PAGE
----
The world has woken up with a throbbing post-Brexit hang-over. But the cure isn’t more of the hair of the dog that bit us.
Brexit is a case study in the perils of shoot first, aim later decisions by powerful people calling the shots: yes, voters turned out in higher than expected numbers to leave the EU only to go home and turn to Google to explain what they’d just done.
But they might be forgiven for following their leaders’ impetuous example. It was first and foremost Prime Minister Cameron himself who let a genie out of a bottle before analyzing whether there was any way to control it let alone devising a strategy to manage forces long swirling at home.
Maybe we should’ve seen the writing on the wall: supernaturally self-confident, Cameron had acted rashly before, with consequences that today seem as prescient as they were cautionary: his hastily arranged, half-baked February 2013 Afghanistan-Pakistan trilateral summit at Chequers damaged the AfPak effort because good intentions are no substitute for strategy, and Cameron’s last minute September 2013 disastrous, decision to put Syria airstrikes up for a vote in Parliament before he had counted votes or consulted with allies was equally ill-fated.
Make no mistake: political leaders in the United Kingdom drove into this ditch by being too confident, doing too much too soon – and not looking into the abyss before they leapt.
That’s why the best way to manage today’s predicament is to do the opposite – in every way.
Here are five things the United States can help do – quietly – carefully – to help manage the aftermath.
First – let’s avoid a dangerously American temptation of seeing Brexit as a reflection of our politics or a mandate on us. President Obama’s advocacy was never going to be the reason “Stay” failed and Donald Trump’s antics (he shares more than a barber with Boris Johnson) weren’t the reason “Leave” prevailed. Brexit wasn’t about us. If we actually try to see this issue through British eyes and not on our own, we might better assess the way to stop Brexit’s contagion or its continued collateral damage to the world economy.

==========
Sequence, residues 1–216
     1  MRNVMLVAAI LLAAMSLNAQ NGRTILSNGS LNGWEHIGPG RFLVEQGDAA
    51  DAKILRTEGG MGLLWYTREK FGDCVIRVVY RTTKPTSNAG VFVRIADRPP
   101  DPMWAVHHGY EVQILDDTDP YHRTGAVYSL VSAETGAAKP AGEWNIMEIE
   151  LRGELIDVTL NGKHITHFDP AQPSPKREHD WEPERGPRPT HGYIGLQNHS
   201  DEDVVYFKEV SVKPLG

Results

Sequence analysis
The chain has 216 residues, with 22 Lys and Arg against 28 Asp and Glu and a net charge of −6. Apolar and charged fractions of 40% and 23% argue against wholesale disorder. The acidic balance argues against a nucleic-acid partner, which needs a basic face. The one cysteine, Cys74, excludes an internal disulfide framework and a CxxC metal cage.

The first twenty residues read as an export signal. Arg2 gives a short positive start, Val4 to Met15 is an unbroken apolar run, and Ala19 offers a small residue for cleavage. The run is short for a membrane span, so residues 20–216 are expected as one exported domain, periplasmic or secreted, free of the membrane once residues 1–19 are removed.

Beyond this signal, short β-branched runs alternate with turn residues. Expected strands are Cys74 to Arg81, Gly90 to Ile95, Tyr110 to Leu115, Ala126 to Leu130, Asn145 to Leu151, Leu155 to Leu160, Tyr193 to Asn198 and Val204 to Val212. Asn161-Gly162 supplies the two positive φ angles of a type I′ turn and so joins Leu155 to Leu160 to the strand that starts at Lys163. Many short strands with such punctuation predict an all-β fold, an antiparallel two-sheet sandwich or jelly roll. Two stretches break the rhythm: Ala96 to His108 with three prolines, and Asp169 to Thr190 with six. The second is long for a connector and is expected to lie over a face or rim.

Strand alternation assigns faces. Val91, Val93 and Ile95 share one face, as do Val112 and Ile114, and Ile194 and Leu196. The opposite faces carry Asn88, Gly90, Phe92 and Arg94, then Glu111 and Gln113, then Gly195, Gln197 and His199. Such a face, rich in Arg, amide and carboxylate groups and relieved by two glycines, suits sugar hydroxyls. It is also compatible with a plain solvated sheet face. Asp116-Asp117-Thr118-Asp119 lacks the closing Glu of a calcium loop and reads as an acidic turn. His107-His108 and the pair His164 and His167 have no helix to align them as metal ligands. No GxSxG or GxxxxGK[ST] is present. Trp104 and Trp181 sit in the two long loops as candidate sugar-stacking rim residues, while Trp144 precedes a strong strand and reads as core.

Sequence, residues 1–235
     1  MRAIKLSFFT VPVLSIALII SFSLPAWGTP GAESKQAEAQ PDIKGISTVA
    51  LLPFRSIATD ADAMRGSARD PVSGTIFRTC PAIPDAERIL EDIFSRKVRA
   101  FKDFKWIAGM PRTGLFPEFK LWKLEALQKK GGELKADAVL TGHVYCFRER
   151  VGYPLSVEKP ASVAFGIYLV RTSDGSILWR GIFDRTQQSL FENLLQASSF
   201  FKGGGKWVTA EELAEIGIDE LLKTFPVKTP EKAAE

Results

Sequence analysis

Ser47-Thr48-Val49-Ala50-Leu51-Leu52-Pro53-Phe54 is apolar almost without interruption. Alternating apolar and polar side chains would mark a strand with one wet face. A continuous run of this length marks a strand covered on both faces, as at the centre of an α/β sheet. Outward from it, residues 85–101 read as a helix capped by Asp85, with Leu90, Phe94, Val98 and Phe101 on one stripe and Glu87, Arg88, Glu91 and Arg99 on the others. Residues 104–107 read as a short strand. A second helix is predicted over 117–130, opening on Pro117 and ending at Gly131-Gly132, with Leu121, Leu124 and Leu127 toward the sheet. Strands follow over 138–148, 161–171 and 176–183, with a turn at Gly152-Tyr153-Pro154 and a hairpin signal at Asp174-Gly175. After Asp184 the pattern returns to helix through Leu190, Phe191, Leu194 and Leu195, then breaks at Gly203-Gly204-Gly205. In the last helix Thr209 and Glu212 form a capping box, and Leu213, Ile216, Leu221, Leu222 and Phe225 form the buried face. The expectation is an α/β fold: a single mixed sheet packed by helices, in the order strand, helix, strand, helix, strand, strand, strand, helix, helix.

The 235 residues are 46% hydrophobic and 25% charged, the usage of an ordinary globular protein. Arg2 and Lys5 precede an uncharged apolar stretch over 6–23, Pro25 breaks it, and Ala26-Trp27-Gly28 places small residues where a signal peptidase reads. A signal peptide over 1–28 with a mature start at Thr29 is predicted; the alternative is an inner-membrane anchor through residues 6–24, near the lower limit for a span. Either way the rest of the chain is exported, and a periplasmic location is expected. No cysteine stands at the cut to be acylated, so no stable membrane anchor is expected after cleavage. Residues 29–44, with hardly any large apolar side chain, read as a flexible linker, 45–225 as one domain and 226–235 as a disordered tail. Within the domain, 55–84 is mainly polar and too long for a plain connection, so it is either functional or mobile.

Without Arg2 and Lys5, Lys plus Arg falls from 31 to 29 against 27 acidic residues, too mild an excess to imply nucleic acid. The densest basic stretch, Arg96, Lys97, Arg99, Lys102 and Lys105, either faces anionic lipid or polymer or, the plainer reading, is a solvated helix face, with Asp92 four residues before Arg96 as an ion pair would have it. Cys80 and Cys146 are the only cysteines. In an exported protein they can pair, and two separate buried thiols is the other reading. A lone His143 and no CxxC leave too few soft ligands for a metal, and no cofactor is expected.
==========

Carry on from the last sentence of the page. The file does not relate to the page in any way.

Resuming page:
Second – Brexit was a triumph of emotion over reason, feeling over facts. Getting over Brexit requires that clear-eyed calculations, not hot-headed reactions, carry the day. Presumably that’s why the State Department scrambled the schedule and sent America’s top diplomat to London and Brussels right away. If the instinct for vengeance drives decisions, E.U. countries will end up damaging themselves in the process because whether Great Britain is in or out of the European Union, no one can opt out of an interconnected world.
The views expressed herein are those of the author(s) and not necessarily the views of FTI Consulting LLP, its management, its subsidiaries, its affiliates, or its other professionals, members or employees.
David Wade is an Senior Advisor to FTI Consulting and is the former Chief of Staff to Secretary of State John Kerry. He specializes in providing global corporations and organizations strategic advice, crisis communications, political intelligence gathering, and federal and legislative strategy.